2. It was the magnificent aim of the children of St. Dominic to form the whole matter of human knowledge into one harmonious system, to secure the alliance between religion and philosophy, and to train men to the use of the gifts of nature in the sunlight of divine grace and revealed truth. It required the dissolution and reconstruction of society to give an opportunity for so great a thought; and accordingly, the Order of Preachers flourished after the old Empire had passed away, and the chaos which followed on it had resulted in the creation of a new world. Now, in the age of St. Philip, a violent effort was in progress, on the part of the powers of evil, to break up this sublime unity, and to set human genius, the philosopher and the poet, the artist and the musician, in opposition to religion. Accordingly, the work of the glorious Order of St. Dominic was more than ever called for, whatever might be those new methods of prosecuting it, more suitable to the times; and, if Philip was destined, as he was, to play an important part in them in the cause of God, it was therefore necessary that he should be imbued with the great idea of that Order. It was necessary that he should have deeply fixed within {222} him, as the object of his life, that single aim of subduing this various, multiform, many-coloured world to the unity of divine service. I mean there are Saints, whose mission lies rather in separating off from each other the world and the Truth; that of other Saints lies in bringing them together. Philip's was the latter. Suitably then, and reasonably, did he receive his elementary formation of mind from the Fathers of St. Mark. And when this had been secured, then he was sent off, "not knowing whither he went," to other tutors, and towards the scene of his destined labours, to do a work like St. Dominic's work, though he was not to be a Dominican.

3. Then he came to St. Benedict. Close by the town to which his father had sent him, is the celebrated monastery of Monte Cassino, the principal seat of the Benedictine Order. The relaxation, which at that time prevailed in so many regular communities, seems not to have reached this ancient sanctuary [Note 2]; but the judgments, which even in Savonarola's day were falling on Italy, had not fallen short of Monte Cassino. The neighbourhood had been the scene of war; and the foreign troops had pillaged the Church, and the new generation of monks had been nurtured in adversity. "Not far from San Germano," that is, the town to which Philip had been sent, says the author of his life, "there is a celebrated mountain, which, according to a very ancient and common tradition, is one of those which opened at our Saviour's death. It belongs to the Benedictine Fathers of Monte Cassino, who have a church there dedicated to the Most Holy Trinity. This mountain is split from {223} top to bottom by three huge fissures; and in the middle of the three, which is the steepest, there is a little chapel on a rock, under the care of the monks, and on it is a crucifix painted, which the sailors salute with their guns as they pass by. Here Philip was in the habit of retiring for prayer and meditation on the Lord's Passion."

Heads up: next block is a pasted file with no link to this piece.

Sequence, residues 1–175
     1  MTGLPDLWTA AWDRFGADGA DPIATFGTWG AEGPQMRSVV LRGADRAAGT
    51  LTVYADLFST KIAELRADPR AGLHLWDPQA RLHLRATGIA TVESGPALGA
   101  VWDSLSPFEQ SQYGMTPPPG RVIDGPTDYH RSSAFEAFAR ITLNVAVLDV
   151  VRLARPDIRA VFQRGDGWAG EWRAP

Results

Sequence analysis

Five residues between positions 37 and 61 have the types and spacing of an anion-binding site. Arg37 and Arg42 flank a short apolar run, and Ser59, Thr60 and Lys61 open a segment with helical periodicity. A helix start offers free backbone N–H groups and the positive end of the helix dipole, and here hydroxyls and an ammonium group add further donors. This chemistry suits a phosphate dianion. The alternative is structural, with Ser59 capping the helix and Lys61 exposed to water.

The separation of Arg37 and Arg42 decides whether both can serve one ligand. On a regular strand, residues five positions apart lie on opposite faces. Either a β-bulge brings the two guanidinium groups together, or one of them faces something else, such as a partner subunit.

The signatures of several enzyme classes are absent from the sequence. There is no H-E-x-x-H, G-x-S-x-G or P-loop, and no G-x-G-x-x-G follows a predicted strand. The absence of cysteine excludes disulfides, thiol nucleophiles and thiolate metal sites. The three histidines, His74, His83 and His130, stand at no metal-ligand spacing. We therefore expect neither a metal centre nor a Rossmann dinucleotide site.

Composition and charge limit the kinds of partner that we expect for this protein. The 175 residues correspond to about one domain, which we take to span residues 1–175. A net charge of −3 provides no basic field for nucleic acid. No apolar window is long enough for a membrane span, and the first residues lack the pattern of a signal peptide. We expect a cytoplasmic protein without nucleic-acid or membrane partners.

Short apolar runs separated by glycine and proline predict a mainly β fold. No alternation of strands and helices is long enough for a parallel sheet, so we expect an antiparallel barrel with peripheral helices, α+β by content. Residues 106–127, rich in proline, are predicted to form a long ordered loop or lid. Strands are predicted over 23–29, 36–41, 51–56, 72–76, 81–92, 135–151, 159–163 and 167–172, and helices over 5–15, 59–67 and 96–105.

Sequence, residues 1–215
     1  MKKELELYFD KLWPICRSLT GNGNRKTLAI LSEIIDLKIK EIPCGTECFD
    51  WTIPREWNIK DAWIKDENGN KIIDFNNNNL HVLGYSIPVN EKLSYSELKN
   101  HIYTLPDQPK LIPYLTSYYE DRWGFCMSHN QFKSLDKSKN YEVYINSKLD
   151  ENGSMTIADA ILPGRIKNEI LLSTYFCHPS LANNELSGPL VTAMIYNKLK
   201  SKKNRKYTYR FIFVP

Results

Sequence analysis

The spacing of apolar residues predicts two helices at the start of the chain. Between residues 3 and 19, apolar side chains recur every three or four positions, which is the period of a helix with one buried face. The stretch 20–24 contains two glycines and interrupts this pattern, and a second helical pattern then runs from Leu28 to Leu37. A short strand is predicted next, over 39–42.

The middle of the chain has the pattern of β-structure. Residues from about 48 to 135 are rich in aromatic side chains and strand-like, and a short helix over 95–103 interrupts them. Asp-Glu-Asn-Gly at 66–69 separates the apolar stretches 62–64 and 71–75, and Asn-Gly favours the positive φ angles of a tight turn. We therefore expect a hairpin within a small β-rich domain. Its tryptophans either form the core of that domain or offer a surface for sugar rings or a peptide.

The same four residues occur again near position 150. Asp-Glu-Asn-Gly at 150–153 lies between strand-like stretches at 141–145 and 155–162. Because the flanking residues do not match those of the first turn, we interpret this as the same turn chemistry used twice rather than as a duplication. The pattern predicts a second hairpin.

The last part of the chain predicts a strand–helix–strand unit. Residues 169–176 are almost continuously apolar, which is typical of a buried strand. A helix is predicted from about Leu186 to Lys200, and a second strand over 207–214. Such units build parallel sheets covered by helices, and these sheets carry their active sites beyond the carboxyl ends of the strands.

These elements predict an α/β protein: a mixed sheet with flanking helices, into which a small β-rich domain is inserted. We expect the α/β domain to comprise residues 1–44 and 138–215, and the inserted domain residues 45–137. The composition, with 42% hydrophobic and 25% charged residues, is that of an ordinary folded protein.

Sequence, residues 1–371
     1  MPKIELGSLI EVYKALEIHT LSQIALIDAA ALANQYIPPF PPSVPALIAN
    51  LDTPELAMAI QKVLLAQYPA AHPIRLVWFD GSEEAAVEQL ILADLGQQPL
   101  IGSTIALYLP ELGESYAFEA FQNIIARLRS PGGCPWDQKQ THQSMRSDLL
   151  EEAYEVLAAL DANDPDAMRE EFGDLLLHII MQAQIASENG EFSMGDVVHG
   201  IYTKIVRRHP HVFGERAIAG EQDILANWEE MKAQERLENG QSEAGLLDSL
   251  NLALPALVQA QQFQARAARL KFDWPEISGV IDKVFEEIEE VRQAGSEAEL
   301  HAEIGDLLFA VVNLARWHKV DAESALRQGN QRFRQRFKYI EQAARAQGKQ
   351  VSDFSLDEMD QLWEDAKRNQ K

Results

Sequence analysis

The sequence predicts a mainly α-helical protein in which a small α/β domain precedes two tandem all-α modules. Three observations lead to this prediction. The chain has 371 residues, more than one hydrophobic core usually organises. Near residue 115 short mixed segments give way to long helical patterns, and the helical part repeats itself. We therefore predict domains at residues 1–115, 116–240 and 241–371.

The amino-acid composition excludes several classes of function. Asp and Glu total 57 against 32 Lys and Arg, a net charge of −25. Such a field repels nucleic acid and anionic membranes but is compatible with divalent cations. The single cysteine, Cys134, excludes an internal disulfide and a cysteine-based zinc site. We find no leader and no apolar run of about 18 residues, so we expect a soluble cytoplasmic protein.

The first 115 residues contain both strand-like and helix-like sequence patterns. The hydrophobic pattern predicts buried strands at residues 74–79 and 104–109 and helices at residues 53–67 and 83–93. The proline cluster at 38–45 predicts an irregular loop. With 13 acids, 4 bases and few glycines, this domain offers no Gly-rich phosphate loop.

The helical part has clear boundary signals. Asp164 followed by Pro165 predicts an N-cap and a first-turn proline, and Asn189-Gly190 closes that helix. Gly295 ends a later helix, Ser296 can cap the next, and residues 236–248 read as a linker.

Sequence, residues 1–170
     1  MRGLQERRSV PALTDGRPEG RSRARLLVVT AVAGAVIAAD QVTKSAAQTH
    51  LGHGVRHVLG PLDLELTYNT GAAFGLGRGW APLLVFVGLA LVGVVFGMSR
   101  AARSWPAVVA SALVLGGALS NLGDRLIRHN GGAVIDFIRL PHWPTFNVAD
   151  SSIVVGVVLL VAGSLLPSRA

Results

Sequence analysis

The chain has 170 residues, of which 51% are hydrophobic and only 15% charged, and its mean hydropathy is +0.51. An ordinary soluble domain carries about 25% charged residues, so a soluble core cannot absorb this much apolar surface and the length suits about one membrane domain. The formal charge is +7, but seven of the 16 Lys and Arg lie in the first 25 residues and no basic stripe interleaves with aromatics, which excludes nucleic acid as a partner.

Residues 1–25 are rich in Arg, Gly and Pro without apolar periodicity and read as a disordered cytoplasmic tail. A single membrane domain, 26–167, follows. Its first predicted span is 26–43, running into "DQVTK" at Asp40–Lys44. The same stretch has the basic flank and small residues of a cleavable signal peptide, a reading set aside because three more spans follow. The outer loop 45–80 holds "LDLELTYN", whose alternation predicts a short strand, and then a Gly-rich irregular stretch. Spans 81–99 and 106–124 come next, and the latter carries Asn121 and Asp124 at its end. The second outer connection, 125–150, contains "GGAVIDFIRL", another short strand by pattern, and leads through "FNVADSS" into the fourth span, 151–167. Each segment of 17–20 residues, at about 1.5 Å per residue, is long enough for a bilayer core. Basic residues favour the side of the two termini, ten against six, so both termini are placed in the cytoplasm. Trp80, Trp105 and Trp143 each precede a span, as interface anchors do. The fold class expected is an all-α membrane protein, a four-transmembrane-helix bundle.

Observe, my dear Brethren, Philip is now in quite a new scene,—no longer amid the medival grandeur, but among the Saints and associations of primitive ages; it is no longer the busy, gaudy town, but the calm and pure country; no longer cloisters and paintings, but rocks and sea, leading to meditation; no longer golden mitres and jewelled copes, under high arches and painted windows, but secluded, unfurnished chapels, and rude crucifixes; no longer the vision of our Lord's Passion portrayed by sacred art, but the very rent in the solid mountain, opened in that same hour when He hung upon the Cross; no longer the holy doctrines and devotions of later piety, but the aboriginal mystery, contained in Scripture, Creed, and Baptism, and battled for in the first centuries, the dogma of the most Holy Trinity. Thus, everything about Philip threw him back into the times of simplicity, of poverty, of persecution, of martyrdom; the times of patience, of obscure and cheerful toil, of humble, unrequited service; ere Christianity had gained a literature, or theology had become a science, or any but saints had sat in Peter's chair; while the book of nature and the book of grace were the chief instruments of knowledge and of love. Such was the school of St. Benedict; nor did that dear and venerable Father let the {224} young pilgrim go, even when his two years' sojourn in his neighbourhood was at an end. For if a direct divine summons took him to Rome, still St. Benedict, as I may say, chose out for him his lodgings there; for he sent him to those ancient basilicas, and cemeteries, and catacombs of the Holy City which spoke of the early monks and the primitive religion, and these you know he haunted, or almost lived in them, till ten years and more had passed from the date of his leaving Florence. "Philip Neri is a great saint," said a Dominican Friar, who kept his eyes upon the youth; "and among his other wonderful things, he has dwelt for a whole ten years in the caves of St. Sebastian, by way of penance;" lodging, I say, as St. Benedict would have had him, with the old martyr Popes, and their saintly court and retinue, their deacons and chamberlains, and chaplains; with St. Callistus, and St. Sebastian, and St. Laurence; with St. Mark and St. Marcellian, with St. Agnes and St. Cecilia, with St. Nereus and St. Achilleus, with St. Papias and St. Maurus, till at length he had that marvellous visitation, when the Holy Ghost came down upon him in a ball of fire, about the time of Pentecost, and filled his heart with consolations so overwhelming that, lest he should die of ecstasy, he came up into the world of men, and set about a work to flesh and blood more endurable.